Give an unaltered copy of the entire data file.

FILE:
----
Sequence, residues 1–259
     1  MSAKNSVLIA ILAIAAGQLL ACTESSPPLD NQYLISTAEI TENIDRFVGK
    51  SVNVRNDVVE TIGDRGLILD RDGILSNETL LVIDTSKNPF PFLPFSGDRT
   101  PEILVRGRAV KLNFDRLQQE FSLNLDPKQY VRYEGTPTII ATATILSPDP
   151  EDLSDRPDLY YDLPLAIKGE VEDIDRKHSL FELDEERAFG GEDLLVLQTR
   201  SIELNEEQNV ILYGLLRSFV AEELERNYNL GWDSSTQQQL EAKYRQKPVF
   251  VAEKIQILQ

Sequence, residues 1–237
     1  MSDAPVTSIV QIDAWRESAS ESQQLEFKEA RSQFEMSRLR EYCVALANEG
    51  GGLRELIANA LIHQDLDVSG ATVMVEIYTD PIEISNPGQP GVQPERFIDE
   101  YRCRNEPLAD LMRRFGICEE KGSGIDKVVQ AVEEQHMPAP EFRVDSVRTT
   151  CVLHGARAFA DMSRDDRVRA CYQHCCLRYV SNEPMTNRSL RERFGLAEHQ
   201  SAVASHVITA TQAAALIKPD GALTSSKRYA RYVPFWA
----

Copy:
Sequence, residues 1–259
     1  MSAKNSVLIA ILAIAAGQLL ACTESSPPLD NQYLISTAEI TENIDRFVGK
    51  SVNVRNDVVE TIGDRGLILD RDGILSNETL LVIDTSKNPF PFLPFSGDRT
   101  PEILVRGRAV KLNFDRLQQE FSLNLDPKQY VRYEGTPTII ATATILSPDP
   151  EDLSDRPDLY YDLPLAIKGE VEDIDRKHSL FELDEERAFG GEDLLVLQTR
   201  SIELNEEQNV ILYGLLRSFV AEELERNYNL GWDSSTQQQL EAKYRQKPVF
   251  VAEKIQILQ

Sequence, residues 1–237
     1  MSDAPVTSIV QIDAWRESAS ESQQLEFKEA RSQFEMSRLR EYCVALANEG
    51  GGLRELIANA LIHQDLDVSG ATVMVEIYTD PIEISNPGQP GVQPERFIDE
   101  YRCRNEPLAD LMRRFGICEE KGSGIDKVVQ AVEEQHMPAP EFRVDSVRTT
   151  CVLHGARAFA DMSRDDRVRA CYQHCCLRYV SNEPMTNRSL RERFGLAEHQ
   201  SAVASHVITA TQAAALIKPD GALTSSKRYA RYVPFWA